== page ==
My visit to St. Anselm Abbey in New Hampshire — from Sunday afternoon, July 8, through Saturday afternoon, July 14 — had several purposes:
- Be present for the solemn monastic profession (final vows) of Brother Ignatius Membrino, O.S.B. The abbot had introduced us when I was visiting in late June, 2014, and Ignatius was a novice about to take simple (temporary) vows. I returned for that vow-taking in early July.
- Go on retreat, away from the internet and my usual routine. I brought the book Glorious Holy Spirit, by Fr. Cedric Pisegna, C.P., to read and reflect on. It has sixteen chapters, so I could complete by reading the first chapter on Sunday evening and three every day through Friday. I had a second book, World without End, based on interviews by a Belgian television host with Fr. Thomas Keating, O.C.S.O. I had begun it on my trip to Colorado in April and though it would be good to dip into at times when I wasn’t reading Fr. Pisenga’s book.
- See the novice Bro. Aloysius, O.S.B. take his simple vows and give him an icon of St. Aloysius.
- Celebrate the Feast of St. Benedict, July 11, at the monastery.
- Visit with the monks.
- Prepare for the homily I was scheduled to deliver on July 15 at 7:30 a.m. Mass.
Beyond these there were a couple of bonuses which I hadn’t known about in advance.
- Four jubilees were celebrated on Tuesday, July 10. Two of the monks had taken their simple vows 70 years ago, July 2, 1948: Fr. Cecil Donahue, O.S.B., and Bishop Joseph Gerry, O.S.B. (Bishop Joseph is a former abbot of the monastery and was bishop of Portland, Maine, from 1989 until 2004.) Brother Isaac Murphy, O.S.B., professed simple vows 25 years ago, in 1883. Fr. Mathias Durette, O.S.B., prior of the monastery, was ordained a priest in 1993. The four jubilees were honored at Mass that morning at 11:00, followed by a reception and linch in the student center.
- On St. Benedict’s Day, the community’s postulant, Louis Franciose, was received as a novice, clothed with a monastic habit, and given the name Basil. The reception took place in the chapter room of the monastery in a private ceremony, which was followed by a special lunch in the courtyard.
So it was a very full week.
As it happened, Bro. Aloysius had professed his vows on Saturday, July 7, so I missed that. I was able to give him the icon after Compline (night prayer) on Sunday, while we all were doing the dishes from dinner. He gave me a very kind thank you note and he told me he had hung it on the wall above his bed.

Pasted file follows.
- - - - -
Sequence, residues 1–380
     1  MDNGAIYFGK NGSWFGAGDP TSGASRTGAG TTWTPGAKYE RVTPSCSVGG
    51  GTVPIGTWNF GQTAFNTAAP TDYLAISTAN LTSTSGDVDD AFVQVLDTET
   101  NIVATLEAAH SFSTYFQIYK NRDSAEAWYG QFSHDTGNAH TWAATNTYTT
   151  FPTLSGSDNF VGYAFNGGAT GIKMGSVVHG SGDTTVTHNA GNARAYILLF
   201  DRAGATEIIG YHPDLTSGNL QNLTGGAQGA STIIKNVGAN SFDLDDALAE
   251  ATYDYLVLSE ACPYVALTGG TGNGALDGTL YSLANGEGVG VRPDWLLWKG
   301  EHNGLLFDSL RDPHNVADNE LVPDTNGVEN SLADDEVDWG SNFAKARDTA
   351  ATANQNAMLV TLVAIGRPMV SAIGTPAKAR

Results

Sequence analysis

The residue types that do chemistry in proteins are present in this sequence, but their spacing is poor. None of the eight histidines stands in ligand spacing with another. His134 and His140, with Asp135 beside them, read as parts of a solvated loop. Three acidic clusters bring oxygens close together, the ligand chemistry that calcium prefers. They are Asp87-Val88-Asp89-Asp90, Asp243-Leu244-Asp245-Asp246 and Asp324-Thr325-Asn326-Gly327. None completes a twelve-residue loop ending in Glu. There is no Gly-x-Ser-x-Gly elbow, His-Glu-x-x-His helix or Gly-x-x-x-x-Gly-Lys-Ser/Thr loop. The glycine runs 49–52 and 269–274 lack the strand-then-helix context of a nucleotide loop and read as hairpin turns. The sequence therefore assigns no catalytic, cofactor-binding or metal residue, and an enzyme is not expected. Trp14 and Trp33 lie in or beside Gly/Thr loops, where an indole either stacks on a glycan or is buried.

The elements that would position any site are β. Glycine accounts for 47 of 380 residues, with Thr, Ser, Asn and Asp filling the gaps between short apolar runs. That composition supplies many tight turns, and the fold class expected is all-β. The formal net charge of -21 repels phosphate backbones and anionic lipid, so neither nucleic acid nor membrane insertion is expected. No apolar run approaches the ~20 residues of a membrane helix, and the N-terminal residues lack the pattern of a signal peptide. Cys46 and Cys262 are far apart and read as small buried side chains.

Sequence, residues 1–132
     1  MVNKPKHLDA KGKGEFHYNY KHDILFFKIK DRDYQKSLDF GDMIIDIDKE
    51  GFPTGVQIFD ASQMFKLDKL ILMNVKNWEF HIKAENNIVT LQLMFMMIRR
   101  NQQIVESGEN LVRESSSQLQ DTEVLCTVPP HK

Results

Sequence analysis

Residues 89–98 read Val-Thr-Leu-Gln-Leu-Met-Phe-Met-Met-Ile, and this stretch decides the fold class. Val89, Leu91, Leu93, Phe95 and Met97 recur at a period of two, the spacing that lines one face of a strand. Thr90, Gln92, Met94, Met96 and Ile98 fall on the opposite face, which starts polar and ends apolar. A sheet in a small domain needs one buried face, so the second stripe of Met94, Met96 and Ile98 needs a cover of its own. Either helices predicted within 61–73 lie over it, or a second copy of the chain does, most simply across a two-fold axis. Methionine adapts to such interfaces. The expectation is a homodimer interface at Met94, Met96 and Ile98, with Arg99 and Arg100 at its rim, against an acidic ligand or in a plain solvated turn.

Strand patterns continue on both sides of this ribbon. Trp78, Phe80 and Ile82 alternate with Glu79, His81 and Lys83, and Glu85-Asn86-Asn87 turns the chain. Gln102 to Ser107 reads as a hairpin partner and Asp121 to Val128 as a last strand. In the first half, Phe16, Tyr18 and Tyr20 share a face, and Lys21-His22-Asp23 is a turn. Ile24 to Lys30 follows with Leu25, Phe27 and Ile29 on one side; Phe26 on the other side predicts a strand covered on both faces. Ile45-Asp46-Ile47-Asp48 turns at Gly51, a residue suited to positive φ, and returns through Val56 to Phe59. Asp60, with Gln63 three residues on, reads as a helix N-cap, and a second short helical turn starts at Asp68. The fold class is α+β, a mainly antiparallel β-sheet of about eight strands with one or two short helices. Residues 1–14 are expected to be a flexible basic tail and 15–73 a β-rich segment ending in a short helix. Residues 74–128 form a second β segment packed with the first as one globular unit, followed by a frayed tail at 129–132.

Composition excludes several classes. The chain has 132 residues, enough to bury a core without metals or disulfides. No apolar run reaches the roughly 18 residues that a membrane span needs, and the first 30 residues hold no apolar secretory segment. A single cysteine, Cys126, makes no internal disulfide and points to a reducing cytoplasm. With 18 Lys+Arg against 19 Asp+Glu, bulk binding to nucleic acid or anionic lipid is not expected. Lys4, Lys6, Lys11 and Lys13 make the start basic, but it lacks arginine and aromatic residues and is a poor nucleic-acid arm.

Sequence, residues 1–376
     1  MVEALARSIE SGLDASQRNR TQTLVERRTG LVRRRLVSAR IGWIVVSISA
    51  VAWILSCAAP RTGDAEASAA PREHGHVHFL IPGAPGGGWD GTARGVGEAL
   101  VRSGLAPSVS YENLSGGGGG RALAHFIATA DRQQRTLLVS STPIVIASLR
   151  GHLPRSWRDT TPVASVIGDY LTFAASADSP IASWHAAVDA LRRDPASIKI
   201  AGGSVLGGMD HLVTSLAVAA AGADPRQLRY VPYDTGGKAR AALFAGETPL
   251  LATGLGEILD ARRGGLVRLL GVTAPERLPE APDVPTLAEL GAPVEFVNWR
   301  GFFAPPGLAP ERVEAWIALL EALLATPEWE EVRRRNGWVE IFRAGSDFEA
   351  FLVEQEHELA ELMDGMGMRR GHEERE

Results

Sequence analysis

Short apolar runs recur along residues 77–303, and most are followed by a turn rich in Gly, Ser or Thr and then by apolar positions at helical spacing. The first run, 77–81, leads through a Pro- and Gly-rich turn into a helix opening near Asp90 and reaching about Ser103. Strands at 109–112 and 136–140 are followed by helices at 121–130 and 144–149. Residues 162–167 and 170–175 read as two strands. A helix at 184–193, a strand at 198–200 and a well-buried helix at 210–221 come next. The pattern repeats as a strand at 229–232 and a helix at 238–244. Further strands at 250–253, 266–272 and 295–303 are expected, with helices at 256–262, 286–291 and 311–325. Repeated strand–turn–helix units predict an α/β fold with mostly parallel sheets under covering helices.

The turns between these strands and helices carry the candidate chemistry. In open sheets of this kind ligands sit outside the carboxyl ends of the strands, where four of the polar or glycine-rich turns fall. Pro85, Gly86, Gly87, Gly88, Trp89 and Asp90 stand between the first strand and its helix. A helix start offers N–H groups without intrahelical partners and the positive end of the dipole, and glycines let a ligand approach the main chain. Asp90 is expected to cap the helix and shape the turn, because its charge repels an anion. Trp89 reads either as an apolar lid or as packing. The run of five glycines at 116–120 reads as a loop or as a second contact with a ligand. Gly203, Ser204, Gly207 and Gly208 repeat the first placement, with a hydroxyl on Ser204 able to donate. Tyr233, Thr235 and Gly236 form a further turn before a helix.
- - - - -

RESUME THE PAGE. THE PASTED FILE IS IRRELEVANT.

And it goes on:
The daily schedule gave periods of under an hour between Lauds and breakfast, and between breakfast and Mass. There was over two hours between Mass and Midday Prayer (followed by lunch) and between lunch and Vespers. After Compline, I could go to bed whenever I wanted, so had all the time I needed for reading. I read a chapter of Fr. Cedric’s book during each of those longer periods. I used the shorter periods, as well as the ample free time in morning and afternoon for my other books. In addition to my “retreat books,” I had brought a couple of scripture commentaries to help me prepare my homily, and a couple of “secular” books for relaxation. I only looked at one — A Man Called Intrepid, by William Stevenson, which I had on Kindle and had nearly finished — and I finished it toward the end of my visit. I also walked around campus several times, taking pictures and exploring the new student center.
In midafternoon there is a custom called Haustus (Latin for ‘”draught”). Monks and guests can drop in to the refectory, have a snack, and chat. The novices and junior monks are frequently there, a couple of the senior monks come by sometimes, but others have jobs in the college and don’t get there. It was a nice chance to spend some time with the guys who came.
Between dinner and Compline there is a period of “recreation” during which the monks gather in the chapter room and converse, read newspapers, play games, etc. I kibbitzed at the bridge table several evenings and played when two of the regulars (Abbot Mark, Bishop Joseph, Fathers Cecil, Peter, and, if needed, Anselm) were missing.
Except at “festive” meals (Sunday evening, big feasts like St. Benedict’s day, and celebrations like the receptions for the jubilarians and Bro. Ignatius) meals are taken in silence, with a monk reading to the rest. While I was there, they finished a book about the sinking of the cargo ship El Faro with the loss of the entire crew of 33: Into the Raging Sea, by Rachel Slade. Then they began Three Days in Moscow: Ronald Reagan and the Fall of the Soviet Empire, by Bret Baier, about Reagan’s visit to the Soviet Union in May, 1988. The beginning was so interesting that I got the book for my Kindle.
It was a pleasant stay. The biggest point I got from my retreat reflections was that I need to stop procrastinating and do things. At this point, I’m thinking of having a brief visit in Advent — maybe two or three days in the second week of December, depending on what’s happening here in the parish.